PC(USA) leaders share hopeful vision for GA 219
Lift up examples of fulfilling commitment to “Deep and Wide”
July 3, 2010
A hopeful vision for the 219th General Assembly (2010) and encouraging stories about Presbyterian ministries were shared Saturday at one of the six Riverside Conversations.
Gradye Parsons, Stated Clerk of the General Assembly, identified seven hopes he has for this year’s meeting. His colleague Linda Valentine, executive director of the General Assembly Mission Council, expanded on Parsons’ hopes by giving examples of the PC(USA) fulfilling its commitment to “Grow Christ’s Church Deep and Wide” through evangelism, servanthood, discipleship and diversity.
Parsons hopes commissioners will:
- Enter decision-making prayerfully. He urged commissioners to pray individually and with each other.
- Gain a deeper awareness of the length and breadth of the PC(USA). The Assembly, he said, presents opportunities to learn how Presbyterians are at work across the nation and around the world.
- Discern with the whole church issues and challenges facing congregations. Most of the business before the Assembly originated in sessions of congregations, Parsons noted.
- Embrace a common calling to engage a changing church. “God is changing the church whether we want to change or not,” Parsons said.
- Focus attention beyond the Assembly to a world in need. GA participants from other denominations and other countries will help commissioners get a larger perspective on the needs of the world and how God is at work meeting them, he observed.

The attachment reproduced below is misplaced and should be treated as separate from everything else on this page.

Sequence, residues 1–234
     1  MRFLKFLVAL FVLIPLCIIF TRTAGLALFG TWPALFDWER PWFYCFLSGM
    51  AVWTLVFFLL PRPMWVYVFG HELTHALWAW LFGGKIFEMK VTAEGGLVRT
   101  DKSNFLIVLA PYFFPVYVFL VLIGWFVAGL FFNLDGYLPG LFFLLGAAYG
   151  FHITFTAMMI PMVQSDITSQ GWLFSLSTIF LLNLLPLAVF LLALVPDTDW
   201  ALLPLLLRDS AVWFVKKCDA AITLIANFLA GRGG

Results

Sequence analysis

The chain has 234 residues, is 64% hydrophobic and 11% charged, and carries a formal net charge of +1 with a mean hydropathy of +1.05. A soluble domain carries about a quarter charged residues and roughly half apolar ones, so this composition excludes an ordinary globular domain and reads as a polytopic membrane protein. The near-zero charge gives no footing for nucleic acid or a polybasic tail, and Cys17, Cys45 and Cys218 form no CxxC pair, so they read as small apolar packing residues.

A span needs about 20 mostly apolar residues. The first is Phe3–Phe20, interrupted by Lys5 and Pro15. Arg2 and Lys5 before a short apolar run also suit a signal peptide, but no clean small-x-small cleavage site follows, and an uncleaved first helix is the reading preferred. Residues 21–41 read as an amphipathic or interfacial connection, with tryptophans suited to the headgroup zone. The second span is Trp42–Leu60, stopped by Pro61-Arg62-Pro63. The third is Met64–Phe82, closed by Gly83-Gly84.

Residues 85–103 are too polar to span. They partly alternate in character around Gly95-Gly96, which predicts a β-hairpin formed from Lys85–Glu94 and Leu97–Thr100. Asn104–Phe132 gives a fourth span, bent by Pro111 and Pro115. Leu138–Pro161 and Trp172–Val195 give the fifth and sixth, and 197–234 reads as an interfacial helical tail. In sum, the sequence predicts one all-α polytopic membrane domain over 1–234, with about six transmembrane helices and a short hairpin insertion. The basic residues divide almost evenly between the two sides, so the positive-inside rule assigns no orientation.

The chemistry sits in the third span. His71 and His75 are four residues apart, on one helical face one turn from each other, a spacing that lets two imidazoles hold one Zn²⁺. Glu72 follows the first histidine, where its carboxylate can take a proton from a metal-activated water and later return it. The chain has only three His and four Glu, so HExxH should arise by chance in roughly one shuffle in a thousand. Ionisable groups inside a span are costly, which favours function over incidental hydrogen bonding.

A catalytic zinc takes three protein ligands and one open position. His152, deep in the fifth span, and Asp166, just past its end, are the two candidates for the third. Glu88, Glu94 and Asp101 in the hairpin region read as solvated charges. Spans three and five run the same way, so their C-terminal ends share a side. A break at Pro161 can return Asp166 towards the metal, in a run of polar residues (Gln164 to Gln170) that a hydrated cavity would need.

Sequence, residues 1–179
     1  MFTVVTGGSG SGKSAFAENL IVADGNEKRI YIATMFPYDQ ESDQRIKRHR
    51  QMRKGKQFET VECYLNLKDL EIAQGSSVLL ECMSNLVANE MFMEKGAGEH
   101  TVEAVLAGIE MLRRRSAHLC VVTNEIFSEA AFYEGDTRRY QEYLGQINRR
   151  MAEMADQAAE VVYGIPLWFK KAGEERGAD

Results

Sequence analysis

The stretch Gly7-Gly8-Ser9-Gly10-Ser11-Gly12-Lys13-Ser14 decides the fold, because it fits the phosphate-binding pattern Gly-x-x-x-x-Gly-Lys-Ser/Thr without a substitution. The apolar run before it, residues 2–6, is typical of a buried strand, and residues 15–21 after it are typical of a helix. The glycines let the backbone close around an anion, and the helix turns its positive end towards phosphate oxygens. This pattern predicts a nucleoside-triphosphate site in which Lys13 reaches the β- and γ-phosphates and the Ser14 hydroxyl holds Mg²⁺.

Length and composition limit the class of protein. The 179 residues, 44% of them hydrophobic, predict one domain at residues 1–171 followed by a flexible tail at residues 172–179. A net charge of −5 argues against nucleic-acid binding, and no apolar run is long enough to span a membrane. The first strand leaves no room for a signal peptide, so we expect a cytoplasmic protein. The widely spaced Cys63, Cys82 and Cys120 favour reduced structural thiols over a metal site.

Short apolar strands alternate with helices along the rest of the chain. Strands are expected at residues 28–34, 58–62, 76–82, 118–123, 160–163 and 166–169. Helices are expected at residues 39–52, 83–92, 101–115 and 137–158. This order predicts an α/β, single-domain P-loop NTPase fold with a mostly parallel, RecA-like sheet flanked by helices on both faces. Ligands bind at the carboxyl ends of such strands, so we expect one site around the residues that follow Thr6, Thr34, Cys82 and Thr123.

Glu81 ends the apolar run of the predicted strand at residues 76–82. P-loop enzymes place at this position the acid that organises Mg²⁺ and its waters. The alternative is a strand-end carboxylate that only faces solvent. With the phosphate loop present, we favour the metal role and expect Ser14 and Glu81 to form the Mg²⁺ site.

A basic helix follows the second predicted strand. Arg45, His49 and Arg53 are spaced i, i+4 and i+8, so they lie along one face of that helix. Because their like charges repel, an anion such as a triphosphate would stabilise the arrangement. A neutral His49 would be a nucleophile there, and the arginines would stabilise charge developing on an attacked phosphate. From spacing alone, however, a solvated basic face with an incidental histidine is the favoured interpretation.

- Develop enthusiasm for sharing the faith. Many Presbyterians, Parsons said, readily live out their faith by serving others, but most are reluctant to articulate their convictions. “We need to be ready to share our stories of how God is transforming us.”
- Leave the Assembly with a sense that what they did will further Christ’s mission. Parsons encouraged commissioners not to dwell just on the controversial issues, but to share good news from the Assembly that will unite Presbyterians.
Valentine shared several stories of Presbyterian ministries of transformation. Among them was a story about First United Presbyterian Church in Guthrie, Okla. The church had few youth attending, but a number of young people regularly skateboarded in the church’s parking lot. Efforts by the church to reach out to the skateboarders brought many of them into the congregation, and several have been baptized.
Valentine also cited a program for encouraging new pastors as an example of the church growing in discipleship, ministries in Haiti and the work of mission networks as examples of growth in servanthood, and a recent multi-cultural conference as an example of the church’s efforts to grow in diversity.
Valentine acknowledged that the denomination’s decline in membership can be discouraging. “At the same time, we are seeing places where the church is alive and growing,” she said.